More recently at work, PowerPoint presentations and carefully-and-nervously-worded client emails have gone the way of the dodo at the worst possible moment, resulting in shipyard-level cursing and and howling and a general “I quit forever” attitude.

So the disappearance of a few paragraphs about 2014 that I wasn’t getting paid to write and weren’t due to anyone shouldn’t have been a big deal. But nonetheless, sitting on the couch in the cold, quiet house in yoga pants and Isotoner slippers, I shut my computer and whispered “Fuck it.”

I spent the next 30 minutes reading a book. (Reading! A book! In silence!)

And for the next week, I didn’t even attempt to write.

You’d think this would have been liberating. One less thing on a to-do list already overrun with bathrooms to clean and lunches to make and laundry to fold and Legos to step on.

But instead, I fell into a funk.

Because I missed writing. I missed the ritual and how writing about things gives me new perspective on them. I missed the sharing part of it, too, the conversations it sparked with you guys.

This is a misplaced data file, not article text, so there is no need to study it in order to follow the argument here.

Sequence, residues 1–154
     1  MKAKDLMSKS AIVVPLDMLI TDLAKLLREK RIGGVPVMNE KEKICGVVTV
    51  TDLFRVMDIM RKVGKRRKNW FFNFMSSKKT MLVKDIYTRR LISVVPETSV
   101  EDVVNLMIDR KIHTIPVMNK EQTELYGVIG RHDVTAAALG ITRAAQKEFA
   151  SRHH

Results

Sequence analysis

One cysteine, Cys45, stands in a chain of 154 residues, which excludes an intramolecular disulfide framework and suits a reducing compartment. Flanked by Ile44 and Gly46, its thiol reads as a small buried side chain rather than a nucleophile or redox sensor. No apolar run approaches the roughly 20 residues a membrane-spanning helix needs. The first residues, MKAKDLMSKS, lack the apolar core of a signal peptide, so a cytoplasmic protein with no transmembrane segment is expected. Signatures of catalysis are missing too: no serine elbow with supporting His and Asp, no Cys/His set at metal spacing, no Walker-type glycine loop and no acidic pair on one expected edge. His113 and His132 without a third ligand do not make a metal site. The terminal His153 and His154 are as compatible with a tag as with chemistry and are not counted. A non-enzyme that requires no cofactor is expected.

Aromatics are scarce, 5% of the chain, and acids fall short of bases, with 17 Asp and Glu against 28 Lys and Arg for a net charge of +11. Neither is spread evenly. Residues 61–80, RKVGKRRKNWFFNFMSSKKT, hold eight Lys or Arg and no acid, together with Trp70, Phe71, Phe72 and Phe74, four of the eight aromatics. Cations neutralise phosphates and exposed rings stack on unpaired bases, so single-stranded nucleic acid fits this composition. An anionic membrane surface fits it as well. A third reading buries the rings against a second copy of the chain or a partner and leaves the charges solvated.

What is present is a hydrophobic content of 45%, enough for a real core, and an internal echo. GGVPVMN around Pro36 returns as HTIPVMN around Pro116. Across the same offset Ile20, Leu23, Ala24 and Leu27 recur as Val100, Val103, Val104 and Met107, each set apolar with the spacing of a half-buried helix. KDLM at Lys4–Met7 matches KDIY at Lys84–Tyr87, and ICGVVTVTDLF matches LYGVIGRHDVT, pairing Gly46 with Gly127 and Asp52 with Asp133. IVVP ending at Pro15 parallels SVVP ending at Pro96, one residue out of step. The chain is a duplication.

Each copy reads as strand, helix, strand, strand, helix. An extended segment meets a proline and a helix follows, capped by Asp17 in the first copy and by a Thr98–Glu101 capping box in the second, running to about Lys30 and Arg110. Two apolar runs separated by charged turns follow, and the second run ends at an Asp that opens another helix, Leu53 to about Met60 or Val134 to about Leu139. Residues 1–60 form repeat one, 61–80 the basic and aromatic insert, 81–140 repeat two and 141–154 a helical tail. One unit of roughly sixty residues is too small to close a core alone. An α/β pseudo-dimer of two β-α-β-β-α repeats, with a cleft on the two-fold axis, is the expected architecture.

And I was mad at myself for wanting to quit, because after decades of answering the question “What are you passionate about?” with a shrug (apparently “donuts” doesn’t count), I had found it in writing.

You might remember that I was inspired by “The Happiness Project” (and a layoff) to start writing regularly back in July 2013.

And it’s funny that in just re-reading that post, I realized that I closed it with the same quote by Gretchen Rubin that I was about to use now: “Don’t let the perfect be the enemy of the good.”

And not letting perfectionism get in the way of progress is about more than me now. It’s about being an example.

For Christmas, “Santa” (I use quotes because I’m still slightly resentful of all the credit Santa is getting for this gift) brought Noah the toy he’s been begging for since summer: a Lego police station. It’s a “ten bag!” monstrosity of a jail and office and robbers and a helicopter landing pad.

christmas morning